A Kinder, Gentler Shareholder Activist
Eric Knight is gearing up for a fight. In the garden of Zurich's staid Baur au Lac Hotel, the 48-year-old activist investor digs into his 79-page report on HSBC, which dissects everything from executive compensation to retail branches. Now he's using that briefing book--part of the usual intense research on his targets--to enlist other big investors in his battle. Knight wants the world's second-largest bank to drop its global, "unfocused" strategy and concentrate instead on fast-growing regions like Asia, where it has a "clear competitive advantage." Says Knight: "Telling the emperor he doesn't have any clothes on is discomforting, but someone has to do it."
Knight, who runs the $1.5 billion Knight Vinke Asset Management, is a pioneer in Europe, where a culture of shareholder activism is just starting to take hold. Since opening his fund in 2003 with $280 million in seed capital from the California Public Employees' Retirement System, the U.S. pension fund, he has developed his own brand of activism. Rather than buying big stakes and aggressively insisting on board seats to force change, the Eton-educated investor has a more refined approach. He usually takes small positions in complex companies. And although he wages public and intense battles, Knight, a veteran of Merrill Lynch and Sterling Investment Group, is always clear, cool, and reasoned with management. He's credited with persuading oil giant Royal Dutch Shell (RDS ) to unify its British and Dutch operations in 2004. Shell Chief Executive Jeroen van der Veer thanked him for being so polite.
A TEAM APPROACH
Early on in his campaigns, Knight reaches out to investors and other parties who can help nudge companies. Two years ago he recruited the mayors of Belgium in his fight against electric utility Electrabel and its majority owner, France's Suez. The municipalities, which had joint distribution ventures with Electrabel, helped turn up the heat on the two companies. When Suez bought the rest of Electrabel in 2005, Knight banked a 50% profit on his initial investment.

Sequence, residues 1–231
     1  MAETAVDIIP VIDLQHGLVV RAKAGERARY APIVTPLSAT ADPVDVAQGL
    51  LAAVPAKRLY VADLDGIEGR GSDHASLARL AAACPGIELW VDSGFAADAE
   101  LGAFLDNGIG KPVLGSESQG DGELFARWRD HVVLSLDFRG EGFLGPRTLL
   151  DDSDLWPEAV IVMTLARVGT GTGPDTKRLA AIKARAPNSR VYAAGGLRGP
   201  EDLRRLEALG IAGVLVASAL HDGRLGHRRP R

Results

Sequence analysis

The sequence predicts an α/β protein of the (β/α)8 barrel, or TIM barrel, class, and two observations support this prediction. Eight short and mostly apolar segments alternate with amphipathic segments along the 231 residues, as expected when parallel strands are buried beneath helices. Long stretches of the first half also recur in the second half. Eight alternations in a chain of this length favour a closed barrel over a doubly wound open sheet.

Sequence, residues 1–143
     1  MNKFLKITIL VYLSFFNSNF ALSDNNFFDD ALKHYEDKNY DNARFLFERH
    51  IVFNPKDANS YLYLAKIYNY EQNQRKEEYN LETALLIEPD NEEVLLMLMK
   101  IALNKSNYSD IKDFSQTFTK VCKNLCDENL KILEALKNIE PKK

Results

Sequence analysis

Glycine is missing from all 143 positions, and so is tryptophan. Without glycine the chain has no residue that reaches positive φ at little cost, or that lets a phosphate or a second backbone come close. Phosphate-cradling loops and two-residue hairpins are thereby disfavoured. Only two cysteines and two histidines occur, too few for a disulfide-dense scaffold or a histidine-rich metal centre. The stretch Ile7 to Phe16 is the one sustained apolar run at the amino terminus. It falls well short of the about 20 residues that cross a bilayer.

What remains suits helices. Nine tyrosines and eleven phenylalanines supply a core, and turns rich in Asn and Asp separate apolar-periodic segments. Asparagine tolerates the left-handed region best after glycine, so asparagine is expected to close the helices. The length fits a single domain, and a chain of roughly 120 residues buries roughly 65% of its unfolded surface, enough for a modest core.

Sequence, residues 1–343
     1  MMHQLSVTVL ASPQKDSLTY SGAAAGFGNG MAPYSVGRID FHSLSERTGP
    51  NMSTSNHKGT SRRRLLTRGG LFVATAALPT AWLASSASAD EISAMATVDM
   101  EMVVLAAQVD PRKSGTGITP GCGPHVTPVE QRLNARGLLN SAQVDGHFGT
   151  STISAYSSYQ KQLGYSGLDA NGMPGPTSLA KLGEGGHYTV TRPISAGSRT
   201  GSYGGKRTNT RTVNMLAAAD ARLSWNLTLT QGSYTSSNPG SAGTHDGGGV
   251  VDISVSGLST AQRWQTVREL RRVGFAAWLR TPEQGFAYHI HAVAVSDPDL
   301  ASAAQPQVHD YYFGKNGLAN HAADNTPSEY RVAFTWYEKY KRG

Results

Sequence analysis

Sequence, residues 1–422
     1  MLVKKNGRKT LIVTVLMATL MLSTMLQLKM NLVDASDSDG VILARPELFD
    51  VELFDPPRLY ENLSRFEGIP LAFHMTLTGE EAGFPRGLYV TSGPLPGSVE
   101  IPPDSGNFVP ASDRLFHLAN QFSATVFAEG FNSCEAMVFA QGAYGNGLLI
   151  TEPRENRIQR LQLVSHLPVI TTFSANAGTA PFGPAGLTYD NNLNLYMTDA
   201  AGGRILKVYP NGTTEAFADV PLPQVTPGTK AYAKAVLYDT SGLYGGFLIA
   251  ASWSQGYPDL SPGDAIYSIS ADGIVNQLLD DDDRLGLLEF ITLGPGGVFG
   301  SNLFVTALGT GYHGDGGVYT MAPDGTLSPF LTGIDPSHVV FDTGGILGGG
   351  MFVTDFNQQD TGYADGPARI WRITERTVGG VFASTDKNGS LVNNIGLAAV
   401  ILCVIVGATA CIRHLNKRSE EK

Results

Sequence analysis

Knight thinks HSBC has at least as much upside. His team studied the bank for more than a year, quietly amassing research in a project code-named Heritage. Knight is now circling the globe to gain support. The bank, he argues, has spread itself too thin, staking out weak positions in Western Europe and the U.S.--where it has also gotten slammed by subprime woes. He thinks HSBC should consider selling or spinning off those retail operations. "They're like the British empire--planting flags in every country," says Knight, who plans to move aggressively on another European company soon.
So far his arguments haven't held much sway with HSBC management despite discussions since May. "We need to refocus on our emerging-market strengths, though we are not going to get out of [developed markets]," Chairman Stephen K. Green told BusinessWeek. In a recent note, Credit Suisse Group (CS ) analyst Bill Stacey wrote: "Knight doesn't recognize [HSBC's] valuable leadership positions and wrongly asserts there have been missed opportunities in Asia."
Still, plenty of investors are giving Knight a vote of confidence--and their money. California State Teachers' Retirement System sent a letter on Sept. 26 to HSBC in support of Knight. Meanwhile, CalPERS has some $300 million in his fund as well as $300 million in HSBC and other Knight holdings. It forks over 20% of the profits from those direct investments but avoids the usual 1% management fee.
It's not a bad strategy to follow: With big wins in oil giant Royal Dutch Shell and Suez (SZEZY ), Knight's fund is up 36% a year since 2004. Says Christianna Wood, CalPERS' head of global equities: "I've never seen him make a mistake."
By Stanley Reed